The drill is a close relative of the mandrill, although far less known, due to its colouration not being as outstanding and, mainly, because of its extreme rarity, for very few individuals remain in the wild.
It is native to the wet rainforests of a small region in western tropical Africa, where it usually has a ground-dwelling behaviour. As in most primates, it is basically vegetarian, and complements its diet with insects and small vertebrates.
Nigeria, Cameroon and the Bioko Island (Equatorial Guinea).
- Distribution / Resident
- Extint in the wild
- Critically endangered
- In Danger
- Near threatened
- Minor concern
- Insufficient data
- Not evaluated
Discover how they are
Drills are hefty primates with olive-grey fur, a small face and a short tail of 7 or 8 cm. Its beard and area around the cheeks are white. It has high sexual dimorphism, as males are considerably larger and heavier than females, with very sharp bony protrusions and highly developed fangs.
Drills inhabit the primary wet and dense rainforest, either in coastal or mountain areas, as well as in mature secondary forests.
It is a basically vegetarian animal that eats fruit, roots, seeds or mushrooms, but it completes its diet with insects and small vertebrates.
Gestation lasts for about six months and each time a single calf is born, exceptionally two. During oestrus, females display an eye-catching perianal inflammation that makes males aware of their receptiveness.
Males are fertile since they are 6 years old and females since they are 3. The menstrual cycle of females spans 33 days, during which a perianal inflammation progressively grows bigger, until they become receptive. Gestation lasts for six months approximately, 179-183, according to Böer, 1985. Interbirth intervals are of 17-19 months. The reproductive cycle of females lasts for 20 years, during which time they can give birth to twelve infants (under the controlled environment conditions of a zoo). Infants breastfeed until they are 15 months old. At 8 months, the mask of their faces changes from white to black, and at 18 months they fully join the adult social hierarchy.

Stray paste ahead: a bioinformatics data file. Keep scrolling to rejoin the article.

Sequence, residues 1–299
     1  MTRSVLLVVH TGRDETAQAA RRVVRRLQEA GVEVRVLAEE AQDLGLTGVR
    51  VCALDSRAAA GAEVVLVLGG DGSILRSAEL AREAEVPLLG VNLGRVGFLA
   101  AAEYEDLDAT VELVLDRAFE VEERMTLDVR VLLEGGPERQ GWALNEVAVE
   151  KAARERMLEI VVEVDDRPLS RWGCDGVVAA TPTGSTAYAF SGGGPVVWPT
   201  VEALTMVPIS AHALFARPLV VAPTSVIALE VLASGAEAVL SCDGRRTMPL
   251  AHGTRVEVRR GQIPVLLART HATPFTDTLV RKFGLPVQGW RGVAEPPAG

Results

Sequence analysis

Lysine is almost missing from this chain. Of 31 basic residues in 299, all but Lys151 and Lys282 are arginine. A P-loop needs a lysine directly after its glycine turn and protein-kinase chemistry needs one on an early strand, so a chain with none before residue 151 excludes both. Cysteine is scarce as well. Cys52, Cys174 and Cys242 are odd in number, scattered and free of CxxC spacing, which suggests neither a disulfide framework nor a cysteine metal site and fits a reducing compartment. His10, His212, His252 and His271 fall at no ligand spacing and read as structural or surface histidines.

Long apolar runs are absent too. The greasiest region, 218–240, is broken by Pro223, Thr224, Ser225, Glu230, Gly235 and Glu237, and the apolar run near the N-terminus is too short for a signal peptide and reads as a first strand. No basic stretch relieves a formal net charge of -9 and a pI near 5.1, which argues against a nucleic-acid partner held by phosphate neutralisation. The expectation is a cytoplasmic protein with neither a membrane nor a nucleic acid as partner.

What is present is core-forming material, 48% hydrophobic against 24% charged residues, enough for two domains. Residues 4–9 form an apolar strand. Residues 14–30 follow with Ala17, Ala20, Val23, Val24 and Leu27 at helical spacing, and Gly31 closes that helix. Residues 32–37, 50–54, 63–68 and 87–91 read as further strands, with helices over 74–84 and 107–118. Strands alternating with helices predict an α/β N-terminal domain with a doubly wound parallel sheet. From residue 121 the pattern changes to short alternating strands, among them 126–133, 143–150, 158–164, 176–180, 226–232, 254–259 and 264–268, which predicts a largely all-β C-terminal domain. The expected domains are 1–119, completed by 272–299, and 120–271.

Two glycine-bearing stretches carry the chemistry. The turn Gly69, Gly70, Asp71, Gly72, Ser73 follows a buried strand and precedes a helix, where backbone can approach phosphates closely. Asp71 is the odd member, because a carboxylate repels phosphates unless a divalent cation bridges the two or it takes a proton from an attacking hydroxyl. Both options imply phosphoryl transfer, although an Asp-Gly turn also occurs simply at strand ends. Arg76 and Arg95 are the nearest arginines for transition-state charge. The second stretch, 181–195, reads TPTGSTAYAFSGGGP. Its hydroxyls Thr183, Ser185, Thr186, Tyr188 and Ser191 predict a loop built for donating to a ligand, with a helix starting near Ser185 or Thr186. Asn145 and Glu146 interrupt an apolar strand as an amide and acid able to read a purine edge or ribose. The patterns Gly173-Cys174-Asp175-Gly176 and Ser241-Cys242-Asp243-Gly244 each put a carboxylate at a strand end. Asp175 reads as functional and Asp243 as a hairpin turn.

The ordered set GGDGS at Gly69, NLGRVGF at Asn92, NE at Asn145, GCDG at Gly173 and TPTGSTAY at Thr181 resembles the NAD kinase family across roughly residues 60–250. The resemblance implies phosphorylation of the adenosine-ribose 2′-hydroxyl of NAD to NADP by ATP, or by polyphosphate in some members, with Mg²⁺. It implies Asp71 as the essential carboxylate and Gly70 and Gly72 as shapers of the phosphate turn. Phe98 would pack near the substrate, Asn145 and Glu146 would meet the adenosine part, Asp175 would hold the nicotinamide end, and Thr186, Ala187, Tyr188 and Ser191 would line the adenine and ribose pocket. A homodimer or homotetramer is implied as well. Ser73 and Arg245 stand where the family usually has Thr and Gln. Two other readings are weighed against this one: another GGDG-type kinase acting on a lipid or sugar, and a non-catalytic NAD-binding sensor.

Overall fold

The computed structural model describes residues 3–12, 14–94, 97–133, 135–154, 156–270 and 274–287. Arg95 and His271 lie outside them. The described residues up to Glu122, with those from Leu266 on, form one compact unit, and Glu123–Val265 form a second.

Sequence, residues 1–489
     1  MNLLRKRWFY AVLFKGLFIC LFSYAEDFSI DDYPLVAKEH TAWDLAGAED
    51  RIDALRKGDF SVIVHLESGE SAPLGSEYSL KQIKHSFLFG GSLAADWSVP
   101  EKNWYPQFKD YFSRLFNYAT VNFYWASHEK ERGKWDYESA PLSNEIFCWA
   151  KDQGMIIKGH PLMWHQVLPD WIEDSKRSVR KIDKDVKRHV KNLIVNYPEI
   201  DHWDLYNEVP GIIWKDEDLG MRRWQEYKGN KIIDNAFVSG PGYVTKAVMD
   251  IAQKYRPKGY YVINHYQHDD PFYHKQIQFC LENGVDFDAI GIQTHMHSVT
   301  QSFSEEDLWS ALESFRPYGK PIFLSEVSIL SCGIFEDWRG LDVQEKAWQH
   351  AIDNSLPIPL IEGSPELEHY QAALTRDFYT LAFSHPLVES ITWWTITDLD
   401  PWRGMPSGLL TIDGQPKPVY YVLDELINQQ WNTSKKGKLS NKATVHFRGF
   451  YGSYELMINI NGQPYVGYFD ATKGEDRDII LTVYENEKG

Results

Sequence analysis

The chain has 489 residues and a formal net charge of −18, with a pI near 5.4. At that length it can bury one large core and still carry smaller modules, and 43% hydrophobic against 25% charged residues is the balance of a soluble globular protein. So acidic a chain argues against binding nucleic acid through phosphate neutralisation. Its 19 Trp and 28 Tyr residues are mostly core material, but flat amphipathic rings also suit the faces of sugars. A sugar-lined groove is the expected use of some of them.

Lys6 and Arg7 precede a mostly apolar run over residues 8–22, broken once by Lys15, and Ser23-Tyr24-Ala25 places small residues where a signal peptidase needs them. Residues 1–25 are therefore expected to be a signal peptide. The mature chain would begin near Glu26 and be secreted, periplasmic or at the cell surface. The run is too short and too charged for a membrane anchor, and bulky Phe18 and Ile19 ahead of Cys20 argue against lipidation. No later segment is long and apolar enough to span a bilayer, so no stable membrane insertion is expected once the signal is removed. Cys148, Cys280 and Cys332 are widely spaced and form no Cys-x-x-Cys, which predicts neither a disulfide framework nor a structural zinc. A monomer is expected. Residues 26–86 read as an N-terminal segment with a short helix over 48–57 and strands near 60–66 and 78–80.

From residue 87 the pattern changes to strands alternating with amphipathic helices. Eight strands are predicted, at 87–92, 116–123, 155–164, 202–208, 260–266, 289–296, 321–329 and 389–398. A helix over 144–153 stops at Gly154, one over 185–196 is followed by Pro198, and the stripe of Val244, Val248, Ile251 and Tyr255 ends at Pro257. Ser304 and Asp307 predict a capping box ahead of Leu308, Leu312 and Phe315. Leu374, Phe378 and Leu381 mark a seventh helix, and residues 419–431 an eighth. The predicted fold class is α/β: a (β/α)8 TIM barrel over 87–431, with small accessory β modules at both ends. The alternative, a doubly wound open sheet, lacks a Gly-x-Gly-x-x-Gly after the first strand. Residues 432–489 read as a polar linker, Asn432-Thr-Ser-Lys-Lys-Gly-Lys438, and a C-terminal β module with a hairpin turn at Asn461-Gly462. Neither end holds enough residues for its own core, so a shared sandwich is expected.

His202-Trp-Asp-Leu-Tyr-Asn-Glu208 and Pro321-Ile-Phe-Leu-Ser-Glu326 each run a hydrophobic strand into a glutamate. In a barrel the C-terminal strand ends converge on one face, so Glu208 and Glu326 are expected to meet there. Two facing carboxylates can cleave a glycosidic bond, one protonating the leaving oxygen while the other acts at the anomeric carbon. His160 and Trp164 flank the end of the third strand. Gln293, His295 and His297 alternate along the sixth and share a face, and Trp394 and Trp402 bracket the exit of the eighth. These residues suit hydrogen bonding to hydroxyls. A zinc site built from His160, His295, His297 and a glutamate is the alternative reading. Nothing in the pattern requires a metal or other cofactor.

It is a very ground-dwelling species, which generally moves on the ground. It forms groups consisting of an adult male, several adult females with infants and some young ones at their puberty. Small groups can gather with others and form more numbered groups, during season with low food availability.
Their activity takes place during the day. They are semiterrestrial, mainly foraging on the ground, but climbing trees to eat and sleep.
The Zoo of Barcelona takes place in the EEP of this species and is one of the few in Europe to keep a reproductive group in captivity of this critically endangered species in the wild.